County officials ask UM to promise not to dilute Jackson services
By Ted Carter
Miami-Dade County commissioners don't have a say in the planned University of Miami acquisition of Cedars Medical Center. But the commission's Health & Public Service Committee wants university officials' written promise that county-run Jackson Memorial's commercial viability and national standing won't be diminished.
Four former chairmen of the Jackson Public Health Trust — Larry Handfield, Alan Rosenthal, Amadeo Lopez-Castro and Jose Cancela — have joined commissioners in asking for assurances that Jackson won't be hurt. They say they are worried about a diversion of commercially insured patients to neighboring Cedars and a resulting loss of Jackson's ability to treat the uninsured.
"The reality is that Jackson may not be able to keep its doors open for every patient in need of treatment and healing," the former chairmen said in a joint letter submitted Thursday to the commission's Health & Public Service Committee.
"We believe," the chairmen added, "that the UM and PHT/Jackson want the best for both institutions, and a joint public pledge is an important step toward demonstrating that commitment."
Noting the UM Miller School of Medicine's 52-year-old teaching and care-providing relationship with the Jackson Health System, they said it would be a "tragedy if Jackson's survival is compromised by the institution it has worked with the longest and most closely."
Of the Health panel's members, Commissioner Jose "Pepe" Diaz seemed the most anxious for assurances from the university. "I see us being in a worst situation," Mr. Diaz said, especially when coupled with the likelihood Jackson could lose hundreds of millions of dollars in state and federal assistance.
The commissioner likened UM's deal with Cedars to a shifting — and unsettling — domestic situation. It's like a couple married for a long time and now "they're going to go live in different houses," Mr. Diaz said.
Even living in different houses, the institutions must maintain their responsibilities to each other, said Commissioner Barbara Jordan, who suggested a "prenuptial agreement" that would protect Jackson once Cedars becomes a UM-owned hospital.
She said she wants the agreement to reflect "that all the details" have been worked out.
UM is in due diligence on a plan to buy the 560-bed Cedars from Hospital Corporation of America, a national chain acquired in November by a group of investors who took on a reported $11.7 billion in debt.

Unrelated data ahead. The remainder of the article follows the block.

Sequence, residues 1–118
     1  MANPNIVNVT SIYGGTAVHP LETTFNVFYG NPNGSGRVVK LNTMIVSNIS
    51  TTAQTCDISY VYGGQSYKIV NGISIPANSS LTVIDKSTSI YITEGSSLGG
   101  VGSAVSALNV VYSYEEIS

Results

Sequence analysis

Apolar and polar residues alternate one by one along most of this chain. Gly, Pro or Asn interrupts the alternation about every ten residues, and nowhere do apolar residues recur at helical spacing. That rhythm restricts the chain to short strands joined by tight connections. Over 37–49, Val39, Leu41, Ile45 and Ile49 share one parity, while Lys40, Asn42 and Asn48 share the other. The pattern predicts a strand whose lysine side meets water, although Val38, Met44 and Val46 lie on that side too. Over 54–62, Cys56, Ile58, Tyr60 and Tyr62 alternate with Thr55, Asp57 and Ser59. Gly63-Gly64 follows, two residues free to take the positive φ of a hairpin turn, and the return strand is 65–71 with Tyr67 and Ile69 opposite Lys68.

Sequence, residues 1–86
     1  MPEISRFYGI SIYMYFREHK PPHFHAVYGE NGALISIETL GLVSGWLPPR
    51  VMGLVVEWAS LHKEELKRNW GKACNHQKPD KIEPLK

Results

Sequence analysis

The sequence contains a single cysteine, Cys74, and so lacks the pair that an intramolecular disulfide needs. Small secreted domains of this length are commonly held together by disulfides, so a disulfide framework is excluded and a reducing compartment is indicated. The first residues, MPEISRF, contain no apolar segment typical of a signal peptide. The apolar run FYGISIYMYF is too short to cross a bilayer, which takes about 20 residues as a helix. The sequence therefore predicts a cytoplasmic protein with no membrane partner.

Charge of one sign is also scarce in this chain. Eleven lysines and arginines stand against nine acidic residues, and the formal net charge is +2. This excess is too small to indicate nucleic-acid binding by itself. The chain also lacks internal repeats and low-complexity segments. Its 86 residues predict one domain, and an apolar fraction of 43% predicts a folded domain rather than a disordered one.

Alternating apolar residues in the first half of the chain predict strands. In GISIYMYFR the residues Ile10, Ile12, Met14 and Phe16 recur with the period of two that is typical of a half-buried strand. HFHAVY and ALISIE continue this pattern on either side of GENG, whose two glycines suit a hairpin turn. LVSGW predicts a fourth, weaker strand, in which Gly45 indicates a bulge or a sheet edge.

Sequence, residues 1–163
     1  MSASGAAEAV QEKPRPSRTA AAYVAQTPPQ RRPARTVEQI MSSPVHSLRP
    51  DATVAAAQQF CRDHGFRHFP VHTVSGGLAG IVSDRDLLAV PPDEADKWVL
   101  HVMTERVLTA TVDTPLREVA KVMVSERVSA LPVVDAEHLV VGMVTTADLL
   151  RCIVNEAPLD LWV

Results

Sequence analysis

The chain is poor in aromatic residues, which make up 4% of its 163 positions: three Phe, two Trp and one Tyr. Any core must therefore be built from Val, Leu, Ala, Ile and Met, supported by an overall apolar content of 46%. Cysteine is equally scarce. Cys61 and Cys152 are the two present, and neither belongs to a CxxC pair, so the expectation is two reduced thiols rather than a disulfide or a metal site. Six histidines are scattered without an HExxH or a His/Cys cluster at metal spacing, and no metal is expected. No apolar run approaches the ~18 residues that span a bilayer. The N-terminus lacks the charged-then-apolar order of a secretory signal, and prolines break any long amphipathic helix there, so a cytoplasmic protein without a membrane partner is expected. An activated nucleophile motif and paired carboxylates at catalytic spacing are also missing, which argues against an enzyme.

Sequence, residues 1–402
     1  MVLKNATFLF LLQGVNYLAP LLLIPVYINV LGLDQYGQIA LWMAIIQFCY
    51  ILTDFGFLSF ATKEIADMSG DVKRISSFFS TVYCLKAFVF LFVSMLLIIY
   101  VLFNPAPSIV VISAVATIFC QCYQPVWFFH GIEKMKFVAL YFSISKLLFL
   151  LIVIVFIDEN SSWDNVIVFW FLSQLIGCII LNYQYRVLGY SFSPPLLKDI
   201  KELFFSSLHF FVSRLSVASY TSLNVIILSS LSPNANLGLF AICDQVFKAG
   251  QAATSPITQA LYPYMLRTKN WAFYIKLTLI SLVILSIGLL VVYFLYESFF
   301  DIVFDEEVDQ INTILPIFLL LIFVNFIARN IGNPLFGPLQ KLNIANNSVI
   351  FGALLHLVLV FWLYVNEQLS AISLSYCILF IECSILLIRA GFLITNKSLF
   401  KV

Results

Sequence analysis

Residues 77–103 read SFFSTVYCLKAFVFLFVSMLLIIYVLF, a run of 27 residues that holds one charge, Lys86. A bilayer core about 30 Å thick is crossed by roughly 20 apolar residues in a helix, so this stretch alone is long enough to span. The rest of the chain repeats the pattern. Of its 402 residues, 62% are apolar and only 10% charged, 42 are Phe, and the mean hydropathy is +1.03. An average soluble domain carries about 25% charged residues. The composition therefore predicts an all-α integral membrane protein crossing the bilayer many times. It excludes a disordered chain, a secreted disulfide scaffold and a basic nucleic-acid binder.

The Miller School is in the Civic Center area that is home to Jackson and Cedars. The school's staff of more than 700 physicians practices at Jackson in exchange for payment from the hospital. The fear is that the university's doctors will take their insured patients to Cedars. Pascal J. Goldschmidt, the school's dean and senior vice president for medical affairs, has worked to allay those fears with a promise that UM doctors will fill beds at Cedars through expansion of university programs.
Mr. Diaz said he doesn't see that happening. "I hear the explanations. … The numbers just don't add up," he said during Thursday's committee discussion.
The numbers add up easily for Commissioner Carlos Gimenez, who said Miami-Dade County should see the acquisition as an opportunity for UM and Jackson. He called it a "bold step" that would take the medical school and Jackson "to the next level."
Commissioners should "support the effort," Mr. Gimenez said.
Keep faith in Dr. Goldschmidt and Jackson Health System CEO Marvin O'Quinn to work out the issues, said Commissioner Javier Souto. "We have two heads here who work hard at making things right. No doubt they will keep doing that."
Commissioner Rebecca Sosa said she wants to put her faith in a "memorandum of understanding" that Jackson will continue to receive paying patients treated by UM physicians, especially its specialists.
Trust but verify, urged Commissioner Dennis Moss, chairman of the county health panel. "That verification will come back to us in the form of that agreement."
Today, 70%-75% of people occupying beds at Jackson are paying patients, according to Mr. O'Quinn. By contrast, 70% of people treated in Jackson's primary-care operations, including the emergency room, are charity patients, he said.
In their letter to the committee, the four former chairmen of the Public Health Trust urged that the agreement ensure that:
Profitable services such as neurology, urology and cardiology are not sent exclusively to Cedars.
UM physicians will continue to admit funded patients to Jackson at current levels.
All patients be treated to a single standard of care at both institutions regardless of their ability to pay.
The leaders of UM and Jackson continue to work together to confront the pressing issues and crises facing the health-care system in Miami-Dade County and nationally.